I don´t know…What comes out comes out… Our sound is definitely unique. Combinations with accordion,violin,marimba and organ and having two composers in the same band is not that common. I think music should be personal. For example, it´s no challenge for us to play ordinary jazz or let´s say a cover of a Piazzolla tune. We like the unexpected. To work with small details in the arrangements. To be serious but also have comedy.To use old clicheés, like a cheap chord or a silly rythm or a walking bass. Now, walking bass is really the jazz cliché, so why don´t use it and have fun with it? Maybe add a timpani? It´s like taking things out of its context. You can be inspired by Burt Bacharach and Bach in the same song. That´s why we mix different genres. For us it creates freedom. It´s also important to have a natural flow in the music, we don´t want to get academic. We really want to reach the audience. And the band contributes a great deal to the arrangements even though most of the parts is written out.

7.Tell us about behind-the-scene stories about the production of your debut album. How was domestic and international responses to the album?

We signed 1993 for independent label Twin Music, but recorded and produced the album ourselves. Former bassist, composer and co-founder of the group Peter Adolfsson, had his studio in an old hospital in Stockholm, called Roslagstull. We started to do the recordings in the summer of 1994, one of the hottest in Sweden that decade. Peter had two small rooms well isolated and custom made into a professional sound studio, but there was no room big enough where the whole group could play together. The solution was to use different kinds of rooms in the hospital to the different instruments which gave an interesting sound all together. The technique of recording digitally direct into hard drive was quite new at that time. Peter had some pretty good microphones and a nice vision of how the band could sound. Eva Lindal was unfortunately ill at the time, suffering from an aching arm and couldn´t make it for the recording. Another classical violinist -Nils Erik Sparf- was hired for the job . He came to the studio with his Stradivarius and put the violin part in place in one day! Lots of additional and new arrangements were written during the sessions, and we experimented a lot with the sound. The response of the album was very good. It went directly up to number six on the World Music Chart. The reviews in swedish papers were overwhelmingly positive and the album was played a lot in France, Finland, Spain and Sweden (and in Japan as well, though we didn´t know about it!). A curious detail; famous for it´s sound quality the Katzen Kapell album has been used a lot as reference listening among hi-fi professionals.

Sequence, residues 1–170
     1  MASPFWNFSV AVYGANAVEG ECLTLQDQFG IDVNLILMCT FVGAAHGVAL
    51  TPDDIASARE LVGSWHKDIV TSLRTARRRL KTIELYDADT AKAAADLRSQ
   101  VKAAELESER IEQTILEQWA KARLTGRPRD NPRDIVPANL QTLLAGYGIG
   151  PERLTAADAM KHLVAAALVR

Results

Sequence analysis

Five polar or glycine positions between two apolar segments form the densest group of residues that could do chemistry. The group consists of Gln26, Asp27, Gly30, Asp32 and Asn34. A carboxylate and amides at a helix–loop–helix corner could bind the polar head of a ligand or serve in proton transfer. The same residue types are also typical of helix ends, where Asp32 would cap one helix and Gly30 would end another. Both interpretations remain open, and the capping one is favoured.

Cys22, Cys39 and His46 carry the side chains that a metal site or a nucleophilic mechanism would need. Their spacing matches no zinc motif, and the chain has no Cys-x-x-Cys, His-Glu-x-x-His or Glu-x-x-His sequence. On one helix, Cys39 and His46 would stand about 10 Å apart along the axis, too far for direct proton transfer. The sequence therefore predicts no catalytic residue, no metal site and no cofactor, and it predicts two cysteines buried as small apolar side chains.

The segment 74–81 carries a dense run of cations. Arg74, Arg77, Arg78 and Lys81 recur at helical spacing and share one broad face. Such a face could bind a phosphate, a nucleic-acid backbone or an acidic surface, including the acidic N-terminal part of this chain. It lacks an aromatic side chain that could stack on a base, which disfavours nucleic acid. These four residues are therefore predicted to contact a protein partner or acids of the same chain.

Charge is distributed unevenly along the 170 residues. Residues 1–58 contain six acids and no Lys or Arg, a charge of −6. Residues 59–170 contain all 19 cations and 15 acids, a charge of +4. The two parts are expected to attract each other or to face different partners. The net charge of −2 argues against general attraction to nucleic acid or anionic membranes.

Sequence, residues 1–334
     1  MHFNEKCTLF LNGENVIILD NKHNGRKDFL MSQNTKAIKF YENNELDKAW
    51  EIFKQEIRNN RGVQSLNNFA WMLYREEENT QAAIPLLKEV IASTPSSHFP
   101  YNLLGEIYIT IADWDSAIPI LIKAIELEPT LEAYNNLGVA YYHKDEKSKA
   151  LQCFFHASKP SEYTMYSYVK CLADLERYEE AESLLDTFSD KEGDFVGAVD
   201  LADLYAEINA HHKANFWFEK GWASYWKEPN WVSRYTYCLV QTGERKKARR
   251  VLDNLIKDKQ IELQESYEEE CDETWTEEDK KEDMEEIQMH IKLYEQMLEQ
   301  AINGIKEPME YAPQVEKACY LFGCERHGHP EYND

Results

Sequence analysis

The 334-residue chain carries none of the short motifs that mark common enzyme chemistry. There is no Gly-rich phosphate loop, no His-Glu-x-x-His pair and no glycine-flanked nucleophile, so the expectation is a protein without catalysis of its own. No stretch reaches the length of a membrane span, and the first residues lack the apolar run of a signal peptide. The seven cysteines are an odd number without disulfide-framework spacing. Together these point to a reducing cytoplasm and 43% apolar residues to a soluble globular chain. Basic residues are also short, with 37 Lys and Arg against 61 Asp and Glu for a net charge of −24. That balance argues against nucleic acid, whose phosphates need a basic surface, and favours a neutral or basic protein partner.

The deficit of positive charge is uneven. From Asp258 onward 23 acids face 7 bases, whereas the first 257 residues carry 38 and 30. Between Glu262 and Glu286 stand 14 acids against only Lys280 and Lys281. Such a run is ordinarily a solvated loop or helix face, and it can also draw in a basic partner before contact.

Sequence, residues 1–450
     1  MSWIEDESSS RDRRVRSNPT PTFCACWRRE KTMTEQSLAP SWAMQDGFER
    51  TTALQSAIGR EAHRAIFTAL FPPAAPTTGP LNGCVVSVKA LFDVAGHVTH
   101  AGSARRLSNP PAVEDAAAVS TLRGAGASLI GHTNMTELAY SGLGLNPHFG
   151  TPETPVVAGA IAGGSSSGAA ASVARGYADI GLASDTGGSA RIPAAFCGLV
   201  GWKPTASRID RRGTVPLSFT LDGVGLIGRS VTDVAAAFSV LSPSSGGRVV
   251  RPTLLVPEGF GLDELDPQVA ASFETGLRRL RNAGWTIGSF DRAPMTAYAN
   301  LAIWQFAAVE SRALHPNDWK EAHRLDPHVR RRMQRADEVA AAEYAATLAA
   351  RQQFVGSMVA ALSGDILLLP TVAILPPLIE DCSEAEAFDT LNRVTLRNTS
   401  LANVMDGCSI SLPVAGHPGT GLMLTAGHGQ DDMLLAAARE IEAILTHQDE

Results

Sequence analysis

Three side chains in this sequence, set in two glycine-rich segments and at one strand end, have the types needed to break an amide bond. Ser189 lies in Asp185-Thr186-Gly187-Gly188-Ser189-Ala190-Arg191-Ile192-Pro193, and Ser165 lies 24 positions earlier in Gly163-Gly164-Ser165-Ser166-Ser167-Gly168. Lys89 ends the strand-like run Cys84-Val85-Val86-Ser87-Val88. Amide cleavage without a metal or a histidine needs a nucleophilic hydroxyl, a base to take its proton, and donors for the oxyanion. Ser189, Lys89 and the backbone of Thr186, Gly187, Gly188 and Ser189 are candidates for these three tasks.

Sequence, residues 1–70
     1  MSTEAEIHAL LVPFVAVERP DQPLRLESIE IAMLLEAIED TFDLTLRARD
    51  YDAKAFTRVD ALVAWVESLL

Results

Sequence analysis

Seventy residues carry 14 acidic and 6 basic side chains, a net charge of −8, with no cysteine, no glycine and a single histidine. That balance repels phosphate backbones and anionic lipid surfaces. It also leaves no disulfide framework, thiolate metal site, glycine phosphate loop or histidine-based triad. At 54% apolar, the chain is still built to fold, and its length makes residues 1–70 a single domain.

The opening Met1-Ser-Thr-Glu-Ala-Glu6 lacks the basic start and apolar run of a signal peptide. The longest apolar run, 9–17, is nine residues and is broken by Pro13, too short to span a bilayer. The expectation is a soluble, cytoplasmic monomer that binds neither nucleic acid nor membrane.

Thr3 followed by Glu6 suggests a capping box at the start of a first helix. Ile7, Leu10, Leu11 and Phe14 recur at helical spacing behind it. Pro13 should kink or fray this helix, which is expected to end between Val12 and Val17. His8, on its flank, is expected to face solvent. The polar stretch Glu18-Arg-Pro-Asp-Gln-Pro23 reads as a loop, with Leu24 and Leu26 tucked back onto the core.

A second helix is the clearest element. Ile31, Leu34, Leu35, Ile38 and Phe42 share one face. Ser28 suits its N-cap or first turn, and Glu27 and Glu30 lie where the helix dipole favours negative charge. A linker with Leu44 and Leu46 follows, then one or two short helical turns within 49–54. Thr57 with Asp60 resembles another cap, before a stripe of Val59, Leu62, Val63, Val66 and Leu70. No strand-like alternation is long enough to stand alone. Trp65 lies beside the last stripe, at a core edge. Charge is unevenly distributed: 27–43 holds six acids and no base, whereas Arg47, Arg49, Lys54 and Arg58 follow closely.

8.Between the first and second, "Alla Hatar Min Man," there was four years interval, then between the second and the third, Si Tu Veux," nine years, which are rather long. How did you decide the timings for producing these albums? Please also tell us about your side projects, other activities, and album participations that we should listen to.